Storm Paddle Spare Saves the Day!!!

Okay again I am making some posts to try to share some things I have learned in order to make up a bit for all the questions I have asked here recently.


If you don’t carry a spare paddle, especially in rough water then you need to…I think we can all agree on this.

However, one thing that I think is important is to have a paddle that is readily available that you can retrieve and employ immediately to paddle out of danger if you lose your paddle in hairy conditions, or to retrieve to use to roll up with in the event that you lose your paddle in the surf when capsized, etc.

A Greenland Storm paddle is a great tool that I think everyone should own and carry on the front deck of their kayak.

I have always believed in carrying one so that in the event that I was every capsized in the surf and my paddle torn from my hands that I would have a spare I could pull out under water and roll up with.

I had even practiced doing this a lot in flat water…throwing my paddle away from my boat, capsizing and then pulling the storm paddle off the front deck underwate and rolling up. I got quite comfortable with it.

Well it ended up paying off one day…just when I thought that maybe all this was a far fetched possibility.

I was in the surf in some heavy clapotis and in shallow water. I got hit by waves from 2 different directions and capsized. I went to roll up and kind of cheated by prying my paddle against the bottom (bad habit and not recommended as it is not super effective and a good way to mess up your shoulder) but I did not come up. I sent up for another roll and found my paddle blade offered no support at all. Strange. I thought maybe my paddle had come apart.

I let the paddle go under water, retrieved my Storm paddle off the front deck as I had practiced so many times and rolled up. I got hit by another wave as soon as I got up and went over again, and was able to roll up again…only to be hit yet again by another wave. On the 3rd try I was up for good.

I was able to paddle over to my Euro paddle and stash it on my deck.

What had ACTUALLY happened was that I snapped the paddle blade off when trying to roll up! No wonder there was no support when I went to sweep.

I was able to paddle with the storm paddle back to shore where I could retrieve my spare Euro paddle from my back deck.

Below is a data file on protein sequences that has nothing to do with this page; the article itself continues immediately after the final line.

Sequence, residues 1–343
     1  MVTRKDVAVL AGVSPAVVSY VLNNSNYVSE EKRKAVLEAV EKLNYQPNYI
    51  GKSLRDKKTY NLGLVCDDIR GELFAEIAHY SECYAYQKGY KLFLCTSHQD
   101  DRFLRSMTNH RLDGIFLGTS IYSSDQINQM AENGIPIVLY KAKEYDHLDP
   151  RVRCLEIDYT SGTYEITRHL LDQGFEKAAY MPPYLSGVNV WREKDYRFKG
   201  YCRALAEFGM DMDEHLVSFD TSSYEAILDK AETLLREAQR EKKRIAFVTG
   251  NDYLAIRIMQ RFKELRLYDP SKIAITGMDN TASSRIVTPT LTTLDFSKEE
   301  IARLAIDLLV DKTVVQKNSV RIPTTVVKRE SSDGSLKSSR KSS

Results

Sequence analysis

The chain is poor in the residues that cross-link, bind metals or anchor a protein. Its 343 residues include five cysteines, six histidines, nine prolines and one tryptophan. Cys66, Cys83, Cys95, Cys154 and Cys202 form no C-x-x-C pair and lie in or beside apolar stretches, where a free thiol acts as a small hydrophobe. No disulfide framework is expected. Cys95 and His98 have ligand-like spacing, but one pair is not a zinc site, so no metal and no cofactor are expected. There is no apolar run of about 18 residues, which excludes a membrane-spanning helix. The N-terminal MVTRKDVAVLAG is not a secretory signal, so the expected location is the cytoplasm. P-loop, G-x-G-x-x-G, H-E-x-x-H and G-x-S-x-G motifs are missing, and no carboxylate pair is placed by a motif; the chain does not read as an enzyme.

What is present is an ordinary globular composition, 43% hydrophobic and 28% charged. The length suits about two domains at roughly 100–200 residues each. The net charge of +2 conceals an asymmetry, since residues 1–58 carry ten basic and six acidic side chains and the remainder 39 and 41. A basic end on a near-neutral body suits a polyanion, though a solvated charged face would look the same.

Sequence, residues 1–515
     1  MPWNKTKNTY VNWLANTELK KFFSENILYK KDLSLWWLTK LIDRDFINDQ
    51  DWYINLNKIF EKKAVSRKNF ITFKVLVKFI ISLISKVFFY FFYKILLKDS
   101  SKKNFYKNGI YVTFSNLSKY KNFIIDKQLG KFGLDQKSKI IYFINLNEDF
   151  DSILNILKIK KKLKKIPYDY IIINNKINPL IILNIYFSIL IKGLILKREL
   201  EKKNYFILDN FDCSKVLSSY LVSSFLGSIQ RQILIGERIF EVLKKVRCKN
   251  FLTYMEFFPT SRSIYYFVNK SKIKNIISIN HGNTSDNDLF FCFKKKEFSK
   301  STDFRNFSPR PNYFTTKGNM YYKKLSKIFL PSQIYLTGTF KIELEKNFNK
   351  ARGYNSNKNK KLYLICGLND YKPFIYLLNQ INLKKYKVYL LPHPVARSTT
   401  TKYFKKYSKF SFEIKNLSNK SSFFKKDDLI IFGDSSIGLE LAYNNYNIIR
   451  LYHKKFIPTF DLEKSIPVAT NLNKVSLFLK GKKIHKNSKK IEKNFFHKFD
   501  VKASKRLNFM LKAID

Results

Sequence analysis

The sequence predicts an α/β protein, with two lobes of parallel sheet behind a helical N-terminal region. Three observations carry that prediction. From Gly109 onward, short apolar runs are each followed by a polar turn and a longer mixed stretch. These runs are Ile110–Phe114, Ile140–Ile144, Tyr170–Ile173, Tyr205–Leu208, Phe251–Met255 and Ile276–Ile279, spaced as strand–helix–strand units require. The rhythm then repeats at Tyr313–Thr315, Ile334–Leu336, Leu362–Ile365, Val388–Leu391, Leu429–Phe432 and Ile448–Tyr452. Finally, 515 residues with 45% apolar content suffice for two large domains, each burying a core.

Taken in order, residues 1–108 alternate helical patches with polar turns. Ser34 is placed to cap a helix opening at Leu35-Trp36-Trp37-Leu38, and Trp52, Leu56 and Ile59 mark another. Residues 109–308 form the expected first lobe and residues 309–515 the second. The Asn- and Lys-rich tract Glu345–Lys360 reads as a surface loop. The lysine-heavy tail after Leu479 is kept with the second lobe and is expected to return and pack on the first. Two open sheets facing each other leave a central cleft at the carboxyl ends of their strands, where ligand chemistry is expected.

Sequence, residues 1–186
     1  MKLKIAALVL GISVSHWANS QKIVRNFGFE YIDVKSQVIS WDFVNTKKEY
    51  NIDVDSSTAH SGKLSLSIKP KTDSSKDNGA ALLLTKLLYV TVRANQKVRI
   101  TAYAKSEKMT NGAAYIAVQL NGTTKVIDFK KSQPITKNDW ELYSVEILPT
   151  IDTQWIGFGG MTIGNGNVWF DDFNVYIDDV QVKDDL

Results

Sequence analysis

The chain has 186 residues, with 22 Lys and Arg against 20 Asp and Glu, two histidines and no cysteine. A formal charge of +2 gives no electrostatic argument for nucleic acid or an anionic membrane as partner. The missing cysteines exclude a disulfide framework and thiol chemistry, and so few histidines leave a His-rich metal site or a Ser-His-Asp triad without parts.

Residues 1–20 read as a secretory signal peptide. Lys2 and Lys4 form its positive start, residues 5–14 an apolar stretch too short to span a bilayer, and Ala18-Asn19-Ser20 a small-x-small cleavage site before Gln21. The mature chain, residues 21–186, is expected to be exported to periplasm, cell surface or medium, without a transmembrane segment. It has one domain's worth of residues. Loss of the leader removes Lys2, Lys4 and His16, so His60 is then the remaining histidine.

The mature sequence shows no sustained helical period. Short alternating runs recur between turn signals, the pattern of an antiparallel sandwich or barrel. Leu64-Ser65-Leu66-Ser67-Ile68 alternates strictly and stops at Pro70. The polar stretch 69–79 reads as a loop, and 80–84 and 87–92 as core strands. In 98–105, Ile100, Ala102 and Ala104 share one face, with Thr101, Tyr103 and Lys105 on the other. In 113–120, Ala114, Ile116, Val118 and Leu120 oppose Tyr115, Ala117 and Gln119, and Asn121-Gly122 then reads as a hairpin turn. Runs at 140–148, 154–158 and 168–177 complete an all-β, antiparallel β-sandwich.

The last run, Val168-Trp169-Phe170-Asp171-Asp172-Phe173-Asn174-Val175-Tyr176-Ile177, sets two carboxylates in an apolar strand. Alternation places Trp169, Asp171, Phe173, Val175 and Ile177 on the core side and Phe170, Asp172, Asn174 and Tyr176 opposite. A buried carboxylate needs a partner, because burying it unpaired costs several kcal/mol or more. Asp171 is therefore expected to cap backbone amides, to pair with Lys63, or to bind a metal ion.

So…the spare storm paddle proved its value in spades that day. Had I not had it I would have had to do a wet exit in some very hairy conditions that were quite a distance off shore.

I think this reinforces the importance of carrying a readily accessible spare that you can employ quickly and underwater if needed.

The storm paddle is the perfect tool, whether you are a Greenland or Euro blade paddler


Totally agree…
Storm paddle on the Inuk, two piece stick on Nordkapp, and full length extra beefy surf specific WRC on both SOFs. In surfy conditions, I also make sure my deck cords are really really tight. A large 20" Norsaq also rides up there.Not much foredeck left, but lots o’ righting implements.

I tried a strom paddle

– Last Updated: Jul-09-10 10:48 PM EST –

for a while and never felt comfortable using it in rough conditions, where I would need it if something happened to my main paddle. I always carry an extra full length paddle on my front deck. If I'm paddling in rough conditions I'll use my Spruce paddles and leave the WRC paddles on shore. That's great you practiced and were prepared for the unexpected. Thanks for sharing.

Greenland Paddles
First off, I’ll admit I’m not a big fan of Greenland paddles. They are fun to play around with rolling, but when it comes to paddling I don’t like the feel.

I do question the storm paddle as a backup. How many people have practiced their sliding stroke for 10-20 miles and maybe over multiple days or weeks? If you have, great, but my backup paddle is quite close in design to my primary paddle. Both bent-shaft Werners. An Ikelos and a Cyprus. I also find switching from euro to Greenland (or vice-versa) a little strange if I’ve been on the water for a while.

If the concern is simply having a one piece paddle to roll up with, you can always learn to roll with half a paddle. I find that easier than rolling with a Norsaq.

Also, I feel the need to point out that Matt wouldn’t have needed his backup paddle to roll up if he hadn’t broken his euro on the ocean bottom. And after that a roll still could have been performed on the other side.

I don’t mean to come off as strong, but Matt said “A Greenland Storm paddle is a great tool that I think everyone should own and carry on the front deck of their kayak.”

Bottom line is his inexperience led him to breaking his primary paddle and needing to switch to his backup underwater because he couldn’t/didn’t perform an offside roll. Every paddler is an individual and one tool (storm paddle) may not be the best for everyone. I do commend him for safely getting out of a possibly sticky situation.

I missed exclamation marks


– Last Updated: Jul-09-10 10:13 PM EST –

despite my inexperience that led me to the situation I was in I still contend that a storm paddle is a great tool. Should everyone carry one on their front deck....okay maybe not, but they should consider it.